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According to reports from Indian media, in less than a month, the Indian military has tested extended-range (ER) BrahMos missiles from various platforms, including a ground-based launcher, a naval vessel, and a fighter aircraft. The recent tests suggest efforts to enhance the reliability, range, and precision of the BrahMos missile. These are significant developments. Last year an unauthorized missile landed in Pakistan, which raised serious concerns about the missile’s functioning and Indian command and control systems.

The tests are being conducted as a preliminary phase before the official induction of improved and upgraded BrahMos missiles into the Indian military. India’s efforts to upgrade the cruise missile indicate a strong commitment to enhancing its counter-force capabilities, which has adverse implications for strategic stability in the South Asian region.

The BrahMos is a nuclear-capable supersonic cruise missile designed and built collaboratively between India and Russia. Capable of traveling at speeds of up to Mach 3, it is one of the world’s fastest cruise missiles. The BrahMo possesses the capacity to carry a warhead weighing 300 kilograms, encompassing both conventional and nuclear payloads. The missile is the sole system inside the Indian arsenal that possesses the capability to be deployed from several platforms including air, sea, and land.

In addition, the cruise missile exhibits a range of trajectories, such as high, high-low, low, and surface-skim, in contrast to ballistic missiles, which are propelled for only half of their journey and follow a pre-defined parabolic trajectory. A BrahMos missile’s trajectory cannot be predicted so easily, which makes it difficult to counter missile defenses.

The recent launches marked the first time that all three ER missiles were tested one after the other in rapid succession. The testing commenced with the firing of an extended-range surface-to-surface land-attack version of the BrahMos from a ground-based launcher on October 10. The range was increased between 450-500 kilometers, from the initial range of 290 kilometers, according to Janes. The new missile was an improved version of the original missile in other ways as well. Besides increasing in range, its accuracy was improved by introducing an active radar seeker.

Indian Army sources revealed to the press that this exercise was part of induction trials. This demonstrates that the new system would be inducted soon and become an operational part of the Indian Army.

Following the ground test, the ER air-launched version of the BrahMos was tested on October 18, from an Indian Air Force Su-30 MKI fighter jet, the only current platform in the IAF arsenal with the capability to launch the BrahMos. The missile tested “was the longer version” of the supersonic BrahMos air-launched system, according to Indian media.

The ER missile has a range between 400-500 kilometers, with the ability to strike targets both at sea and on land. The new capability would allow the IAF to strike targets from standoff ranges and from outside the perimeters of enemy air defenses.

Last came the firing of an ER missile by the Indian Navy from a vessel in the Bay of Bengal on November 1. It was launched from a Rajput-class destroyer, the first in the Indian Navy to integrate with the BrahMos system.

These are several notable takeaways. For the first time in history, the extended-range missiles were tested from across all platforms. Tests are part of the final trials to make sure that the design, technical parameters, and performance of the different parts of the missile system are properly functioning. Moreover, the multiple tests will help ensure there are no future accidental and unauthorized launches of the missile system. Finally, the timing, synergy, and post-launch statements indicate that the ER missiles are about to enter into service soon.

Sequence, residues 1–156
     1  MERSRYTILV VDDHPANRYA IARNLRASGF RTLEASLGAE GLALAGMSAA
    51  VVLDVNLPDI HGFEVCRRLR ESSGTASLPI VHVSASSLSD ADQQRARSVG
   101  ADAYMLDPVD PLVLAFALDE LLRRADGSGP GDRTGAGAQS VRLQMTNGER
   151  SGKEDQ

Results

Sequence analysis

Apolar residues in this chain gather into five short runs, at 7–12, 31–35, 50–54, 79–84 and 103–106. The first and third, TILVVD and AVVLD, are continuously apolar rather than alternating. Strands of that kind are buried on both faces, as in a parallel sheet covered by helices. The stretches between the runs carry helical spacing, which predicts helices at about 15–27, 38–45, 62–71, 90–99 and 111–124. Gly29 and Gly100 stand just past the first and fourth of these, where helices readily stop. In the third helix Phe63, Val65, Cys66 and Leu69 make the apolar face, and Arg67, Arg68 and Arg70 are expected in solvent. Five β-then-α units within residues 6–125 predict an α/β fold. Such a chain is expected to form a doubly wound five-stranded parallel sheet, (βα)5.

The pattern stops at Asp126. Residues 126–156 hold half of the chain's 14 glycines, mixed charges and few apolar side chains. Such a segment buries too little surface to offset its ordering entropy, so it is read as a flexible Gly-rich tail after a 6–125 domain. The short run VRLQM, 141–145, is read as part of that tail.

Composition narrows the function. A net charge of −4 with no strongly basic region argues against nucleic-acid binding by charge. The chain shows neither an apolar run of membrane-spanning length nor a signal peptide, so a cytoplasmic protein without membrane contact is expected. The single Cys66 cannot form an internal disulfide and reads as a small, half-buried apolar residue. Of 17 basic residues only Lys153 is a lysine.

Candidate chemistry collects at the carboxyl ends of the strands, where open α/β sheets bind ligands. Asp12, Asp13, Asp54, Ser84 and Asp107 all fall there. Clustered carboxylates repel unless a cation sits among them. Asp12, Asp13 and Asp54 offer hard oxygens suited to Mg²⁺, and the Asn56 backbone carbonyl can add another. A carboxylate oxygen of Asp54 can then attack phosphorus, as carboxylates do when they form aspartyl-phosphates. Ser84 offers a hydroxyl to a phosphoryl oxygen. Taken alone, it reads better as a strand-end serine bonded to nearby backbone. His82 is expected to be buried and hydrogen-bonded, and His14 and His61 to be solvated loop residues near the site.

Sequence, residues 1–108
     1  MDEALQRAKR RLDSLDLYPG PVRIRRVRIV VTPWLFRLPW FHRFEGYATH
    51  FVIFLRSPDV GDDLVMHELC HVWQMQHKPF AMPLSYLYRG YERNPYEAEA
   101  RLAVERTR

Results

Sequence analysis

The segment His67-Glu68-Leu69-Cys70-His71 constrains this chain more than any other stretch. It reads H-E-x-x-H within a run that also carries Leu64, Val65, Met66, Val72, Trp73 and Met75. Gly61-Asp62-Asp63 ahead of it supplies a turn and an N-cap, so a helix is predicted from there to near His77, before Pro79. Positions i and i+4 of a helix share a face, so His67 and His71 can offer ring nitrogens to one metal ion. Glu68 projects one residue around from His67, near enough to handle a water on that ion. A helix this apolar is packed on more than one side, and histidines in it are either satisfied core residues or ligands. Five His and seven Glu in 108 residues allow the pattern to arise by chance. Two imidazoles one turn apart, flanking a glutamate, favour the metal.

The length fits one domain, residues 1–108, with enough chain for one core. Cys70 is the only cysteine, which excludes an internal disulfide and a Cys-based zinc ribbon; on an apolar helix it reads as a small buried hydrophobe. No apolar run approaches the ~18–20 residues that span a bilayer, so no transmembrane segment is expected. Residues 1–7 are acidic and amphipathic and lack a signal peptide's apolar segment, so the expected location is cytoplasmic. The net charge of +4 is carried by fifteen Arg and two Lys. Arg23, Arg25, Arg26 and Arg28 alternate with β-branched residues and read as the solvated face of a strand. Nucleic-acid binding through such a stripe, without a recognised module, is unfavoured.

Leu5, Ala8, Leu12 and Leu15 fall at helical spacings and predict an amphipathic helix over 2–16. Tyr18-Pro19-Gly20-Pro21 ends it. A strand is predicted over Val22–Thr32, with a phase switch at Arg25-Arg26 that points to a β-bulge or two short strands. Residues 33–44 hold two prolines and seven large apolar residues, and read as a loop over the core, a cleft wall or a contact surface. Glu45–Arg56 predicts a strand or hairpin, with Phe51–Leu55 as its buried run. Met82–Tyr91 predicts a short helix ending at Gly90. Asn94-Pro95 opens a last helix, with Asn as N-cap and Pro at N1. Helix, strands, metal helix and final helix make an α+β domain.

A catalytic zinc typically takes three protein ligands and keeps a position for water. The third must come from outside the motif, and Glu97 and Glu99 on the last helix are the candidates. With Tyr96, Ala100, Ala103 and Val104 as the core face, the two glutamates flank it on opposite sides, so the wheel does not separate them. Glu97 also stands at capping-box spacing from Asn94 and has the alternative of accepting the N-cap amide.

The enhanced range BrahMos missiles will complicate the India-Pakistan deterrence equation. India already had the temptation to launch a counter-force strike against Pakistan. It is continuously in pursuit of acquiring precision strike systems to effectively execute a counter-force strike. The BrahMos ER is a continuation of this and it will certainly fulfill its existing policy objectives.

Now India will have a strategic capability to strike targets deep inside Pakistan’s territory with a standoff precision-strike weapon that is extremely difficult to intercept because of its maneuverability and high speed. This will adversely affect the current nuclear deterrence dynamics as the new range will bring distant targets within range of the BrahMos, as well as enhance Indian precision strike capabilities.

One might ask: Why does this extended-range BrahMos alter the balance of deterrence between both states, as Pakistan’s entire territory is already within range of Indian ballistic missiles? The answer lies in the precision, speed, diversity, and maneuverability of the BrahMos, which makes it different from the rest of the systems currently in service. First, as noted, ballistic missiles follow a pre-defined path, which makes them less useful for targeting mobile ground launchers. Second, they lack precision. The BrahMos’ strengths in these areas makes it a perfect counter-force weapon.

Also, it is the only weapon system that can be launched from either a transport erect launcher, naval ship, or fighter jet. Thus, these characteristics make it a first weapon of choice for Indian decision-makers.

The ER BrahMos missile will increase the potential risks of a first strike by India during any future crisis in South Asia, which will undermine the strategic stability in South Asia.

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